8. 8. 7 Clays as a cheap adsorbent  (in aqueous or organic media) natural clays  it is also possible to synthesize clay structure by molecular tailoring (synthetic clays, not interested in here)  adsorption properties is highly depended on structure, surface character and particle size Zehra Durmus, April 06, 2008
  9. 9. 8 Chemical modification of clay Surface characteristics (hydrophilicity/organophilicity) of the clay layers can be modified physically or chemical grafting of  ionic groups  acids (activated clay)  monomers / polymers / copolymers Applied Clay Science, 31 (2006) 262-271. Zehra Durmus, April 06, 2008
  10. 10. 9 Pollutants (in aqueous or organic media)  toxic organics (halogenated compounds, phenol, toluene etc.)  heavy metals (Pb, Cd, Hg etc.)  dyes (cationic, anionic, non-ionic, reactive etc.)  radioactive materials (uranium, radium, cesium etc.)  humic substances  agricultural chemicals  biological contaminants Zehra Durmus, April 06, 2008
  11. 11. 10 Papers P-1 impact factor (2006): 2.497 A brief review on adsorption properties of raw and modified clays and development perpectives for dye removal from aqueous solutions. Zehra Durmus, April 06, 2008
  12. 12. 11 Papers P-2 impact factor (2006): 2.180 A comprehensive review that cited 227 papers on the subject. It concludes that chitosan might be a promising adsorbent for environmental and purification purposes. Zehra Durmus, April 06, 2008
  13. 13. 12 Compared maximum adsorption capacities (in mg/g) for Basic Blue-9 on several low-cost sorbents and commercial activated carbon (CAC). G. Crini, Bioresource Technology, 97 (2006) 1061–1085 Zehra Durmus, April 06, 2008
  14. 14. 13 E. Bulut, M. Özacar, I.A. Sengil, Microporous and Mesoporous Materials (in press) 2008. key point Very cheap (almost free) but low capacity Zehra Durmus, April 06, 2008
  15. 15. 14 Papers P-3 impact factor (2006): 2.233 Zehra Durmus, April 06, 2008
  16. 16. 15 Goal: investigation of adsorption kinetics and mechanism of Acid Blue-193 onto Na-bentonite and organo-bentonite Exp: Synthetic textile dye AB193 (Isolan Dark Blue 2-SGL) Parameters 1- clay structure 2- effect of pH 3- effect of contact time 4- Activation Energy (Ea) of sorption UV-Spectrophotometric Analysis with 50 ml aqueous solution of 250 ppm dye solution (λmax = 609 nm) (SHIMADZU UV-01) Zehra Durmus, April 06, 2008
  17. 17. 16 clay (bentonite) / organo-clay (DTMA-bentonite) DTMA : dodecyltrimethyl ammonium bromide long-chain quaternary ammonium salt (cationic surfactant) simple ion exchange Applied Clay Science, 28 (2005) 43– 54 Zehra Durmus, April 06, 2008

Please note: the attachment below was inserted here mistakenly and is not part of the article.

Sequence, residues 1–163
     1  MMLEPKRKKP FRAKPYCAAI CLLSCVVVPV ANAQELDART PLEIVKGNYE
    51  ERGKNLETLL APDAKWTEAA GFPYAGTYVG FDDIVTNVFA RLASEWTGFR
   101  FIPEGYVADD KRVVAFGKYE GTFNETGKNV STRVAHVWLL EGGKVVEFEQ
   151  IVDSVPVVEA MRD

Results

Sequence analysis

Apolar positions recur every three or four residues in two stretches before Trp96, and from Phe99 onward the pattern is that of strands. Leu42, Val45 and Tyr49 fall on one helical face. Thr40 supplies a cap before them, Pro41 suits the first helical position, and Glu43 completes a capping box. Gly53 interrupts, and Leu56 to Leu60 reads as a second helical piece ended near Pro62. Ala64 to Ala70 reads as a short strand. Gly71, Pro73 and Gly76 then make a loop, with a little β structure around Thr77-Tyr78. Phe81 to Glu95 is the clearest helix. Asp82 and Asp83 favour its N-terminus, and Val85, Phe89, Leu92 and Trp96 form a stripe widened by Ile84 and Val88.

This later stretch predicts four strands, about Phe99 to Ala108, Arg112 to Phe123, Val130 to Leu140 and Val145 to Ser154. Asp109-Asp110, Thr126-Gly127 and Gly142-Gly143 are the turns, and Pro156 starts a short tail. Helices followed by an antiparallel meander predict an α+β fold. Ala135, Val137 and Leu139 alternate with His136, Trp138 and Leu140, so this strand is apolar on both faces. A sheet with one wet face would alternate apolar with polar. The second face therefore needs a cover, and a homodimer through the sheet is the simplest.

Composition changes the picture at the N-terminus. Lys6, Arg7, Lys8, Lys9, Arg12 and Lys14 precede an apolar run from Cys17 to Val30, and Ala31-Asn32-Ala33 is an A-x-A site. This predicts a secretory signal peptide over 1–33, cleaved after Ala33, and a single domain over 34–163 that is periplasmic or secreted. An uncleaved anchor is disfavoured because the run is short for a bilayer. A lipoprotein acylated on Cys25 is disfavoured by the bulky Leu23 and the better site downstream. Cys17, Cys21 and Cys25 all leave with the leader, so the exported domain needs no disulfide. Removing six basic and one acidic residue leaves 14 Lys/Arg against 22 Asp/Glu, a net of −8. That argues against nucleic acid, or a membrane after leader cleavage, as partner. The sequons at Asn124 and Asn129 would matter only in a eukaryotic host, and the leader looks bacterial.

18. 18. 17 UV Analysis of dye solutions Batch mixing of dye solution with an adsorbent (solid-liquid interaction) Separation of two phases if needed (filtration or centrifuge) UV Analysis of supernatant to monitor changing in dye concentration Y. Iida, T. Kozuka, T. Tuziuti, K. Yasui, Ultrasonics 42 (2004) 635–639. Zehra Durmus, April 06, 2008
  19. 19. 18 Effect of pH Zehra Durmus, April 06, 2008
  20. 20. 19 Effect of contact time Na-bentonite DTMA-bentonite Zehra Durmus, April 06, 2008
  21. 21. 20 Adsorption kinetics (Langmuir model) Ce : equilibrium dye concentration in solution (mg/l) qe : equilibrium dye concentration on adsorbent (mg/g) qmax: monolayer capacity of adsorbent (mg/g) KL : Langmuir adsorption constant (liter/mg) A plot of Ce/qe vs Ce gives a straight line slope: 1/qmax intercept: 1/qmax KL The Langmuir equation is applicable to homogeneous sorption, where the sorption of each sorbate molecule onto the surface has equal sorption activation energy Zehra Durmus, April 06, 2008
  22. 22. 21 Adsorption kinetics (Freundlich model) Ce : equilibrium dye concentration in solution (mg/l) qe : equilibrium dye concentration on adsorbent (mg/g) n, KF : Freundlich constants (l/g) A plot of ln qe vs ln Ce gives a straight line slope: 1/n intercept: KF The Freundlich equation is employed to describe heterogeneous systems and reversible adsorption and is not restricted to the formation of monolayers Zehra Durmus, April 06, 2008
  23. 23. 22 Langmuir plots for the adsorption of AB193 at various temperatures not given in the paper Zehra Durmus, April 06, 2008
  24. 24. 23 Freundlich plots for the adsorption of AB193 at various temperatures Na-bentonite DTMA-bentonite Zehra Durmus, April 06, 2008
  25. 25. 24 kinetic constants Zehra Durmus, April 06, 2008
  26. 26. 25 Activation energy of sorption (Ea) Ea represents the minimum energy that reactants must have for the reaction to proceed k : rate constant A : Arrhenius factor R : universal gas constant (8.314 J/mol K) T : solution temperature (K) Physisorption : Ea = 5–40 kJ/mol Chemisorption : Ea = 40–800 kJ/mol Zehra Durmus, April 06, 2008
  27. 27. 26 Activation energy of sorption (Ea) Zehra Durmus, April 06, 2008
  28. 28. 27 Conclusions of the paper The surface of natural clay is not a more effective adsorbent for the removal of a hydrophobic dye from aqueous solution due to electrically charged and hydrophilic character of the clay surfaces Modification of clay layers with organic cations significantly improves the adsorption capacity of clay for the dye Interestingly, the natural clay showed lower potential barrier (Ea: 12.6 kJ/mol) than the modified clay (Ea: 22.4 kJ/mol) !!! There is no conclusion about this issue in the paper Zehra Durmus, April 06, 2008
  29. 29. Thanks Zehra Durmus